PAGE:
The Buffalo Bills lost their first pre-season game of the 2009 season to the Tennessee Titans. The 21-18 defeat in the Hall of Fame Game didn't leave a lot for Bills fans to chew on as the on-field play relates directly to the team's chances this season, but that doesn't mean there isn't value to looking back at the tape. That's exactly what we'll do here.
Our review of the offense has already posted. After the jump, you'll find our talking points about Buffalo's defensive efforts.
It's time to grow up, guys.
Buffalo didn't make many drastic changes to their defensive unit this past off-season. That wasn't overly surprising, considering the fact that the unit had a lot of young talent that's being counted on to get better. The dreadful offensive attack in need of much assistance helped that decision along as well. Buffalo has a shot to have a pretty good defense in 2009, but that won't happen unless their young guns grow up on the field. That interception that casually glanced off of Paul Posluszny's hands? That play needs to be made. Period. That's the shining example of opportunity lost from this particular game. Players like Posluszny, Leodis McKelvin and Donte Whitner will get those chances this season, because they're all good players. They need to capitalize on those opportunities to turn an average defense into a solid one.
Paging Joel Segal...
Much has been made about Buffalo's lack of a pass rush from this contest. Their pass defense was not great, and clearly, they had trouble getting to Titans quarterbacks. Kerry Collins in particular carved apart the first unit with quick throws, play fakes and misdirection (those latter two, by the way, still cause a lot of problems for the Bills). The Bills will likely have another below-average pass rushing season unless rookie first-round pick DE Aaron Maybin plays like a No. 11 overall pick and a future star. Of course, he needs to get signed first.
Beyond the pass rush issues, I thought Buffalo's defensive line was excellent. The top four defensive tackles - Marcus Stroud, Kyle Williams, Spencer Johnson and John McCargo - looked great against the run. Even DT Derrick Jones was pretty active, despite only being with the team for around a week. From top to bottom, the ends held up well against the run as well. There are solid players along the defensive line. We just lack the one athlete that could make this line better than average.
A skill-rich secondary
I thought Buffalo's secondary was outstanding on Sunday, particularly in the tackling department. McKelvin was the only player that I saw badly miss a tackle in open space, and that was at the ankles of Alge Crumpler. Bryan Scott is a terrific run defender, and his stop on Chris Johnson in open space defines reliability. Buffalo's safeties were outstanding; the only one I was less than impressed with was John Wendling, who missed a tackle in the box that led to a long gainer for Chris Henry. The corners were solid as well, though rookie Ellis Lankster has probably heard it from the coaches on that touchdown reception he gave up - he was really dogging it on that play. He got beat cleanly on a pump fake, and his effort to recover at the back of the end zone was minimal. He's got a chance to make this team, and his play was solid in his first NFL action, but that particular effort was a far cry from impressive.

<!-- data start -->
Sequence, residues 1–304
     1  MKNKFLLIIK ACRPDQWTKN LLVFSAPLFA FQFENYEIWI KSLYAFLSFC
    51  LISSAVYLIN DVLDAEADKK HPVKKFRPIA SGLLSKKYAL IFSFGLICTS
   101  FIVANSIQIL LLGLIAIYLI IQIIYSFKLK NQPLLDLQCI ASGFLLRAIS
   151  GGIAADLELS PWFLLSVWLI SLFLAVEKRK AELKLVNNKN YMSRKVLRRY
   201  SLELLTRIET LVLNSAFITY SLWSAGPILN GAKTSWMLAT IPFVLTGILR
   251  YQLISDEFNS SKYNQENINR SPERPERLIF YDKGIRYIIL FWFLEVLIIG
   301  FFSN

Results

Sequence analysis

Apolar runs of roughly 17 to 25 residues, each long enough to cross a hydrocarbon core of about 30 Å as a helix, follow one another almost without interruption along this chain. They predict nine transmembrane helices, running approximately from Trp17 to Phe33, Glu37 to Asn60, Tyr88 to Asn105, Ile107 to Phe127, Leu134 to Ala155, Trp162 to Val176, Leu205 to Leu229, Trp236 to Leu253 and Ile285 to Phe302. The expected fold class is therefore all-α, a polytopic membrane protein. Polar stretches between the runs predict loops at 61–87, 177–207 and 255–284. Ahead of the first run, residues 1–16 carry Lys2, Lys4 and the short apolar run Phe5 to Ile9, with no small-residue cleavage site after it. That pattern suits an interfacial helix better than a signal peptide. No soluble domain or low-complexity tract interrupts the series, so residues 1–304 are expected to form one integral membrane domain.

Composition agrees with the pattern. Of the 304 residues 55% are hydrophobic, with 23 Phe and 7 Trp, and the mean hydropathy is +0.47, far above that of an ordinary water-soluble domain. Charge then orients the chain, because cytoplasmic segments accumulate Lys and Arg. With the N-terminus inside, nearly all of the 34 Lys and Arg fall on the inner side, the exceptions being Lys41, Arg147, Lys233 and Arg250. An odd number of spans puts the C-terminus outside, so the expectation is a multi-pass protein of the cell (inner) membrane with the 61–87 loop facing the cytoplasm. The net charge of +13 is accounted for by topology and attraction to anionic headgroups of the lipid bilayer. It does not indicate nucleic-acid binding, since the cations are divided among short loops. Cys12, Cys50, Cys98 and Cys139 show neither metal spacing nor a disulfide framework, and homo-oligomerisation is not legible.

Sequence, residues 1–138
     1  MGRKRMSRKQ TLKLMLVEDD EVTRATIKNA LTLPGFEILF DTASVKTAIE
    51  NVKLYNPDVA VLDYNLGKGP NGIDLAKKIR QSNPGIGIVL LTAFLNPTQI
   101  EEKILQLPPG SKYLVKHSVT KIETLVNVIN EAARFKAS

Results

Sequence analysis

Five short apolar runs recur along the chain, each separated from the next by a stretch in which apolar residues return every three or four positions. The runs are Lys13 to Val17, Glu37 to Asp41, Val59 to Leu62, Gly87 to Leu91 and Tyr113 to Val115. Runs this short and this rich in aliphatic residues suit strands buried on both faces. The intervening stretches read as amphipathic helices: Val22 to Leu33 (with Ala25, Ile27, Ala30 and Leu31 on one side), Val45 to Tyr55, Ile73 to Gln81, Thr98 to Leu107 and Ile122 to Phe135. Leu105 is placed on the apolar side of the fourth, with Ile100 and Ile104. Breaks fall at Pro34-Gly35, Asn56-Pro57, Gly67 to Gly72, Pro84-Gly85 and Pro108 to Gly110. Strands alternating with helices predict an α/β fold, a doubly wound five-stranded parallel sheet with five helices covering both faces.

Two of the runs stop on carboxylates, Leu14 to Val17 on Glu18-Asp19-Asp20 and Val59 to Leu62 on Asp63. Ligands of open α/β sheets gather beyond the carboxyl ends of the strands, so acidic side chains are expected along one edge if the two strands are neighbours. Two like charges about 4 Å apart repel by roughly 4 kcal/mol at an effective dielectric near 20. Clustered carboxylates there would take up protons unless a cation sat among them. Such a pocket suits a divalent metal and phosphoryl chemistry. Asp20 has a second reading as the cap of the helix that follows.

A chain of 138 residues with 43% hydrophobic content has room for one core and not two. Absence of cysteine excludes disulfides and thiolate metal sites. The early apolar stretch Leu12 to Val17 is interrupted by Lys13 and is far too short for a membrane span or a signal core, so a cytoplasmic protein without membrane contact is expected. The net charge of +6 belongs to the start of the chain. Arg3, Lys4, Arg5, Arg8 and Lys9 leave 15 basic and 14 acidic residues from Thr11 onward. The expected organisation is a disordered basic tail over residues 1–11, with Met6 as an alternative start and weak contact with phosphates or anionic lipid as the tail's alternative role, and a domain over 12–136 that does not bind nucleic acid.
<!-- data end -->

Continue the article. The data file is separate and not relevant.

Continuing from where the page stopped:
How Perry blitzes
We're not going to get much in the way of the plans that Perry Fewell has to create pressure via the blitz, but he did show us one wrinkle on Sunday night. It's not even a "wrinkle," really, but it was effective. Buffalo routinely lined up with four linemen (obviously), one linebacker to the side of one end, and a safety in the box. Fewell would then have the weak-side end drop into coverage and overload blitz from the strong side, sending the end, linebacker and safety. That's exactly the call that was on when Vince Young was picked off by McKelvin; Chris Ellis dropped into coverage, and even though Buffalo's blitz didn't get there, Young was flustered to the point that he didn't set his feet, threw the ball far too early, and threw a cupcake pass that McKelvin intercepted with ease. Pretty simple blitzing philosophy - every team does it - but against a young quarterback, it worked like a charm.
The Bills play a lot of young quarterbacks this season, with the first young gun on the plate being whoever ends up starting for the Tampa Bay Buccaneers. We'd love to see a repeat of this particular play in that setting.
Young linebackers shine
If you ask me which young player stood out above any other, I'm choosing between two young linebackers - and I'm giving the nod to Ashlee Palmer over Nic Harris by a hair. Palmer looked great taking reps as the second-team weak-side linebacker. He's quick, far more physical than anticipated, and constantly around the ball. He had a big hit on special teams as well. He had a shot to crack the roster, but I'm hearing he was injured in the game - he was randomly replaced by Alvin Bowen in the third quarter after making a diving stab at a tackle near the ankles (possible shoulder injury?) - and he may miss a significant amount of time.
Nic Harris was active as well, though I was less impressed with him on the re-watch than I was watching the game live. Marcus Buggs and Alvin Bowen played well, too. This is a group of highly unproven players, obviously, but they showed on Sunday night that they have a good amount of raw talent as well.